In the golden age of streaming, few could have predicted the 2018 box office would become the new record holder for highest-grossing year. Thanks to a few massive tent-pole films, Hollywood is basking in the holiday glow of some record-breaking numbers for the year, and there seem to be no signs of profits slowing down any time soon.
The domestic record, previously held by 2016 at $11.382 billion, has already been surpassed this year. The Christmas season is historically one of the biggest earning periods for studios, which means 2018's haul, currently sitting at $11.383 billion, still has one more week to go before the final tallies are in.
2018 was an especially solid year for big releases, which saw studios like Disney, Fox and Universal enjoying the biggest successes. Films including Black Panther, Avengers: Infinity War, Incredibles 2, Deadpool 2, and Jurassic World: Fallen Kingdom earned massive amounts of money. Getting an audience for established properties is certainly easier than starting from scratch, but other notable box office winners contributing to the billions in revenue included new properties such as A Quiet Place, A Star is Born and Crazy Rich Asians.
Perhaps the most encouraging part of the story is that, with the week between Christmas and New Year's still ahead, studios can expect big things from their newest films, all of which are tracking well. Aquaman continues to dominate, while Bumblebee and Mary Poppins Returns are performing well.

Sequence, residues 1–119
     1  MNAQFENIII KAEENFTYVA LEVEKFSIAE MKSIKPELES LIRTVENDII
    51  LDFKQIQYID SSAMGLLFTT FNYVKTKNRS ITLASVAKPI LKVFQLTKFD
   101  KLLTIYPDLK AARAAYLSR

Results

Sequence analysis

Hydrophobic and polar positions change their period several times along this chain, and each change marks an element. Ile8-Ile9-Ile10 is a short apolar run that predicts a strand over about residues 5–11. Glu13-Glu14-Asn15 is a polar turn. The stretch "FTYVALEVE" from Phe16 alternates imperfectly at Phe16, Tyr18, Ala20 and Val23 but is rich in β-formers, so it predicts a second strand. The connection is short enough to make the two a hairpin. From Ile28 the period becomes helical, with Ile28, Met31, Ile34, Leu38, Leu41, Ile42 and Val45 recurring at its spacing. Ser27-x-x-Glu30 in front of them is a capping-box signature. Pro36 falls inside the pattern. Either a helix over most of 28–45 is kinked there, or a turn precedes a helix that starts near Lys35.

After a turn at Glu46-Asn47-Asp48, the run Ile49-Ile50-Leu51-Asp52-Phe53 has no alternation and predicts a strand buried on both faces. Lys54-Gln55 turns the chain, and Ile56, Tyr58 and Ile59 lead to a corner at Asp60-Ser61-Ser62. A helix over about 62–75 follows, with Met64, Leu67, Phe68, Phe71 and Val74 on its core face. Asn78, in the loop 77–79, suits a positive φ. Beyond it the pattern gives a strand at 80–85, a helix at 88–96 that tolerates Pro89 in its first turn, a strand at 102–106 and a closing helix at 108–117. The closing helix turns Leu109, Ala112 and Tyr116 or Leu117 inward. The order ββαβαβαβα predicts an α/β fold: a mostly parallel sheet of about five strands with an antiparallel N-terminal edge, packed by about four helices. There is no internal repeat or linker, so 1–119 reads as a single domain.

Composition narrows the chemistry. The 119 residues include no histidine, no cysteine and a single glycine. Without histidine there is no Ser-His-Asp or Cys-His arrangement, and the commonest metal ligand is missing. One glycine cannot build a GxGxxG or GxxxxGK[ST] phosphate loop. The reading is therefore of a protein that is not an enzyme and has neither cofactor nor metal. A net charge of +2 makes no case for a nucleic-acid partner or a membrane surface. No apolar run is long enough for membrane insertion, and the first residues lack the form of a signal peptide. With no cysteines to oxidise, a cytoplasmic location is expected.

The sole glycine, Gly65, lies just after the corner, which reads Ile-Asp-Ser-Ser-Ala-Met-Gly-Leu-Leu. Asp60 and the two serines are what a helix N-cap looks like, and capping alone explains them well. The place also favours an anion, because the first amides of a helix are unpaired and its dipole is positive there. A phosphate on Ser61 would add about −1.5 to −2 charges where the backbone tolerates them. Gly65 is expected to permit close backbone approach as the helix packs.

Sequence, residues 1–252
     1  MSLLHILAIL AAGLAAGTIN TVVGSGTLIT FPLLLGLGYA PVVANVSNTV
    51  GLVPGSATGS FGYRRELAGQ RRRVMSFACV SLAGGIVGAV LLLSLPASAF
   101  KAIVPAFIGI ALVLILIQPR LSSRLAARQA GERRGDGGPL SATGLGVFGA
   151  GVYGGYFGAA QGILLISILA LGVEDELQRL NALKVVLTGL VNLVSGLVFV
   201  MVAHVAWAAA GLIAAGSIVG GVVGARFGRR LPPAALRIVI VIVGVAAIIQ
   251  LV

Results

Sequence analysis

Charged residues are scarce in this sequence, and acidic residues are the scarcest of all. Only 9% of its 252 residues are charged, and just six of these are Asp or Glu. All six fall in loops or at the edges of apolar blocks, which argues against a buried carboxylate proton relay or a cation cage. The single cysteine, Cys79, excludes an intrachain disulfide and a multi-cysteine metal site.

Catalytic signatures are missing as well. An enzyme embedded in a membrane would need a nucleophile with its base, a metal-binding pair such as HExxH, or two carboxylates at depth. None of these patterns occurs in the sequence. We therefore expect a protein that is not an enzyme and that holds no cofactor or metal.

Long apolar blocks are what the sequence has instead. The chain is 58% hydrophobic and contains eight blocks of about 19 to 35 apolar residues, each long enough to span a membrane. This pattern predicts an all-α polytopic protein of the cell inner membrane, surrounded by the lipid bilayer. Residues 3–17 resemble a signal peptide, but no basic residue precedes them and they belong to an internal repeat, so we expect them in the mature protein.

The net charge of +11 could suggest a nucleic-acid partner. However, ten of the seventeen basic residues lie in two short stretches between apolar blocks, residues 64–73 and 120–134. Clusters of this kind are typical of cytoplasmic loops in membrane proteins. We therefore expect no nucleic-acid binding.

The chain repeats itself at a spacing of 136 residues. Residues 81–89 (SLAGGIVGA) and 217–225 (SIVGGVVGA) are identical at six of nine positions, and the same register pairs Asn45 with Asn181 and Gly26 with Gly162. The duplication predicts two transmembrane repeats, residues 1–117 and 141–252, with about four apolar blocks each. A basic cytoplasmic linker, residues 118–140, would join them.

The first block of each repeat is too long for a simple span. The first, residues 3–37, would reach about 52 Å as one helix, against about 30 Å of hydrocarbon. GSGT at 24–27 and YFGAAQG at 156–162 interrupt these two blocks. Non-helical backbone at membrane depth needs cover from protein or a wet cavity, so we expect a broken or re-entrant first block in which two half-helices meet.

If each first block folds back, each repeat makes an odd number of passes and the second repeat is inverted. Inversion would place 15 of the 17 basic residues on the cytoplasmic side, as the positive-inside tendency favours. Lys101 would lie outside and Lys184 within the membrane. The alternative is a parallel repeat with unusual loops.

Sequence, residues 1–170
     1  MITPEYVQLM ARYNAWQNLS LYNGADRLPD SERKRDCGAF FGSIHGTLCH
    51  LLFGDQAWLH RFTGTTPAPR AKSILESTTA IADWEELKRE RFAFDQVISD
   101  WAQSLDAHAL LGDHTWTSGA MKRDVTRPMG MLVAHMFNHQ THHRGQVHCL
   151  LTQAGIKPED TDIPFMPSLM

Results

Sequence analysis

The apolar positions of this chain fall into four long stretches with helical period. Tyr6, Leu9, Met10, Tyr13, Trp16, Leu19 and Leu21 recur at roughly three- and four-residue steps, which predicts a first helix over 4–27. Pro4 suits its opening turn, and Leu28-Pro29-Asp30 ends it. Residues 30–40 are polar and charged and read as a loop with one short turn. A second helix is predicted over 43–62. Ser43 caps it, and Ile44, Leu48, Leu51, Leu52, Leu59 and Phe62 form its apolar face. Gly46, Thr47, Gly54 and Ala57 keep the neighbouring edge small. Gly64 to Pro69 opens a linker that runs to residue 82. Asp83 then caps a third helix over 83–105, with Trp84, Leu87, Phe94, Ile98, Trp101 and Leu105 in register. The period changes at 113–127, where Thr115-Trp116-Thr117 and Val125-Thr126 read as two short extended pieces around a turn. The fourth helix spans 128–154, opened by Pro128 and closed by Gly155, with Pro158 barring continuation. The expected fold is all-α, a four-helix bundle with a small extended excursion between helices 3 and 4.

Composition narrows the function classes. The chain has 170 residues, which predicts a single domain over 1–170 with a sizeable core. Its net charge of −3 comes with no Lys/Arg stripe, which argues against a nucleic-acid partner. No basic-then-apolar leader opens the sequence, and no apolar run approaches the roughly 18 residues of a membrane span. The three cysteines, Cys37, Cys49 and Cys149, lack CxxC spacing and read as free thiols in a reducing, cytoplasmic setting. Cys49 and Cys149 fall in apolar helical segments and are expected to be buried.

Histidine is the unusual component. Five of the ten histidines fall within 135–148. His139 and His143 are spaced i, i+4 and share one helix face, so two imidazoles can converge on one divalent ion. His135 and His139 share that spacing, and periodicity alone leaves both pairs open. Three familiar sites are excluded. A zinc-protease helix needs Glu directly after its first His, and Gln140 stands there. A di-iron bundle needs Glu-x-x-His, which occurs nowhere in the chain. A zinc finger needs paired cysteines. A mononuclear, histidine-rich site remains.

Of course, there are other considerations to factor in when calculating how well films have performed throughout the year. Ticket prices have gone up slightly, and several of the highest-grossing movies were made available in IMAX and 3D, which nets more money at the ticket counter. Theaters are also trying to make going to the cinema a more enjoyable experience so as to woo back customers that were lost due to high costs, the proliferation of cell phone use and uncomfortable seating. Addressing some of those concerns have undoubtedly played a role in tempting people away from the comfort of their living rooms and out into the movie-going public once more, which has resulted in high yields for the movie business.
In a year that didn't feature a traditional Star Wars release, these numbers are music to studio executives' ears. Final figures are still out regarding where the global revenue will land in the record books, but it's good news for film fans, too, as 2019 will be under some pressure to deliver films that were as good as -- or better than -- this year's remarkable crop. Audience interest and box office predictions for big titles like Avengers: Endgame, Captain Marvel, Spider-Man: Far From Home and others are already strong. For moviegoers and studios alike, that's a mark in the win column.